The Wet Traverse: Adventures of Trail Party 1

by Elizabeth Kenny, Bowdoin College

After over a week of safety training, it was finally time to traverse to Camp 10. Everyone was excited to see a new part of the icefield. We waited in anticipation for a helicopter to come in and transport some of our gear to Camp 10 so that select staffers could open camp before we arrived. There was a days delay due to the weather, but the following day at 5 in the morning the first trail party (Kirsten, Lindsey, Elias, Luc, Alex Z, and I along with safety staff Zach and Jon) was off. It was a perfect morning, with blue sky and amazing snow conditions for skiing!

Kirsten, Elias, and Alex beginning the traverse.  Photo by Elizabeth Kenny

Kirsten, Elias, and Alex beginning the traverse.  Photo by Elizabeth Kenny

Excitement was high as we rapidly made our way down the Lemon Creek Glacier towards an area where the snow had melted away, revealing beautiful blue glacier ice. As it was a bit slippery, we took off our skis and slowly crossed.

Crossing the ice on the Lemon Creek glacier.  Photo by Elizabeth Kenny

Crossing the ice on the Lemon Creek glacier.  Photo by Elizabeth Kenny

Looking back on the Lemon Creek glacier.  Photo by Elizabeth Kenny

Looking back on the Lemon Creek glacier.  Photo by Elizabeth Kenny

However, as we began our ascent of Nugget Ridge, ominous clouds began to move in from Juneau. As we split into two four-man rope teams in order to safely cross a crevasse zone, the storm was drawing nearer. It soon became so socked in that you could hardly see the person in front of you on the rope. As the first party, we were responsible for setting a safe track for the following trail parties. This proved to be a difficult task, and we ended up going in a very large loop, spending nearly two hours skiing roped up. The rain was coming down harder and the wind was picking up as we made our way down the other side of the ridge.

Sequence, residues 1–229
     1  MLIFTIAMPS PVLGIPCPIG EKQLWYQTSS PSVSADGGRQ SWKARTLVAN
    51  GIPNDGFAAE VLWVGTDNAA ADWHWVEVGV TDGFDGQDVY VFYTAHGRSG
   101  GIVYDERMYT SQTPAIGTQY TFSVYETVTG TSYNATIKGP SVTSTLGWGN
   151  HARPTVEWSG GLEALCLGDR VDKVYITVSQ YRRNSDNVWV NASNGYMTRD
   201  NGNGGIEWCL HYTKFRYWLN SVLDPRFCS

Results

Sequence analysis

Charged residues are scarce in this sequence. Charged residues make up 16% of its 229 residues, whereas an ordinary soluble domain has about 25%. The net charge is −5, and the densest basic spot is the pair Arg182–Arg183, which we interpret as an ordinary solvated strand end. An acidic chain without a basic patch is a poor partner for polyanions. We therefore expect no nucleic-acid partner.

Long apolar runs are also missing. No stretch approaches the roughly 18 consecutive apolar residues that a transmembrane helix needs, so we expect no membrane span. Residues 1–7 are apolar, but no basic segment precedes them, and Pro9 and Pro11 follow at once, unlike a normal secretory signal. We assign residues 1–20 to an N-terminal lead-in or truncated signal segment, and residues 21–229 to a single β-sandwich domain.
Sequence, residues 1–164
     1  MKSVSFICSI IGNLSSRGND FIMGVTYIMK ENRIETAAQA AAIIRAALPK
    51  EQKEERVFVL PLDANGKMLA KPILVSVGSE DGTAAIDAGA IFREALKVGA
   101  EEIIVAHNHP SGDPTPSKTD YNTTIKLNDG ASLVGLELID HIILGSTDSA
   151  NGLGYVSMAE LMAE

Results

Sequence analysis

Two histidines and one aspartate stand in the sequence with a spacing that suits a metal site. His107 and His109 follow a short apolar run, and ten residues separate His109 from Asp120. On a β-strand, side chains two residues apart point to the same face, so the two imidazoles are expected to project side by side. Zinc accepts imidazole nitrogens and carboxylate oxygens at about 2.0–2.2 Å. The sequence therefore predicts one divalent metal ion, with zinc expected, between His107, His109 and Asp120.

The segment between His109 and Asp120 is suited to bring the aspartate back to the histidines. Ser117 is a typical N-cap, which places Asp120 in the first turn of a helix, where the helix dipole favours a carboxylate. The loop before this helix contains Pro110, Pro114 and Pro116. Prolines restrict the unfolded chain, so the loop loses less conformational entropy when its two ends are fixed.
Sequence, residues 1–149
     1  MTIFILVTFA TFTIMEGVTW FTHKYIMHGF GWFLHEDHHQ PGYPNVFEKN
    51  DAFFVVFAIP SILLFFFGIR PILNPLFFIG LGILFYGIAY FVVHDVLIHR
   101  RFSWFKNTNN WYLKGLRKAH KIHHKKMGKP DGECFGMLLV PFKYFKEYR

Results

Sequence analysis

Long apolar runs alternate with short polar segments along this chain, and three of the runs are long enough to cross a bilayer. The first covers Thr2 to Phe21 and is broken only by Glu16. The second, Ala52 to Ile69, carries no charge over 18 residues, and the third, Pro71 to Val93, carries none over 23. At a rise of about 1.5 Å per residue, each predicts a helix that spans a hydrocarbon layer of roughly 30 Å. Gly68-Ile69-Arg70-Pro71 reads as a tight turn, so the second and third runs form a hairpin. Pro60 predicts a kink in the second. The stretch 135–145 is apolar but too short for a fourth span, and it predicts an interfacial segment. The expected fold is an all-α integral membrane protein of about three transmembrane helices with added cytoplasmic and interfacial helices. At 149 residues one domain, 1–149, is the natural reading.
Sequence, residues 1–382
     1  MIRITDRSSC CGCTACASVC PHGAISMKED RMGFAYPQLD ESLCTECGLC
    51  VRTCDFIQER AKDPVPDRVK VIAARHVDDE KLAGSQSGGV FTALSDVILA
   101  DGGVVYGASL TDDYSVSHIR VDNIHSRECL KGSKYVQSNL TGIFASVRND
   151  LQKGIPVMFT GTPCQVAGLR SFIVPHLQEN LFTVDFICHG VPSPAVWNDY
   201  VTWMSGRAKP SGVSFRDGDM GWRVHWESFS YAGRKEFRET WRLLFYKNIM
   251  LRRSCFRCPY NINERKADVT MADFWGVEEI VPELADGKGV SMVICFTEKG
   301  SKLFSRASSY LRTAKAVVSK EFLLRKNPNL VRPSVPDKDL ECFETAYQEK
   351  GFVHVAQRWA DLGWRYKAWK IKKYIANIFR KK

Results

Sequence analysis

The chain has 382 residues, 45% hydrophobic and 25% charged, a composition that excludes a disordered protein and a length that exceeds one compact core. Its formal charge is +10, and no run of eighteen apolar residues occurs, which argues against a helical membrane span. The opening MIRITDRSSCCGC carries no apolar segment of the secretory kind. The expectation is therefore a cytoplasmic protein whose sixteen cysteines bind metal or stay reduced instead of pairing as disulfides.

Roped up while making our way through a crevasse zone in a white out.  Photo by Elizabeth Kenny

Roped up while making our way through a crevasse zone in a white out.  Photo by Elizabeth Kenny

This was the type of weather we had been hoping to avoid. Had we known that it was coming, we probably would not have started our traverse that day. However, weather on the icefield is unpredictable. At that point our only option was to continue on to a cache that had been set up to support our night of camping on the glacier. It was slow going as we made our way across Death Valley in the rain, with sun cups on the snow significantly restricting our progress. Finally we reached the Norris Icefall, our last obstacle before the cache. Not one item of clothing was dry as we roped up once again, but we did so quickly in an effort to keep everyone warm. After reaching the top of the icefall, it was a short ski to the cache, where we were finally able to stop for the night. After almost 15 hours on the trail everyone was exhausted, so after a quick dinner of chili it was off to bed. The second trail party arrived at camp shortly after us, equally wet and tired.

                  Unfortunately, the tents we had were no match for the pouring rain outside. The next morning the majority of us woke up just as wet, if not wetter, than we had been the night before. It was still raining, and once again poor visibility prevented us from seeing any of the surrounding icefield. We learned that the next trail parties decided not to head out that day due to the weather, but once again, we had no choice but to power on. After scarfing down some oatmeal and hot chocolate, both groups began to travel together on the last stretch of the traverse. It felt like we were on a white treadmill, with nothing visible except for the skiers in front of us. Despite the cold and rain, everyone remained in relatively high spirits. The day was long and tiring, but just when we thought we couldn’t go any farther, Camp 10 appeared through the fog!

Camp 10 finally appearing! Photo by Elizabeth Kenny

Camp 10 finally appearing! Photo by Elizabeth Kenny

Cheers of excitement arose as we made our way to the base of the nunatak. The short climb to camp felt like quite an ordeal after skiing so much for the past two days, but at least we were finally there. Wet clothes were quickly shed and hung up to dry as we moved into our new bunks, and after a warm and filling dinner followed by a quick camp tour, we could finally rest at our new home. This traverse was a classic example of Type B fun on the icefield – it may not have been fun while we were doing it, but it is certainly something we will never forget.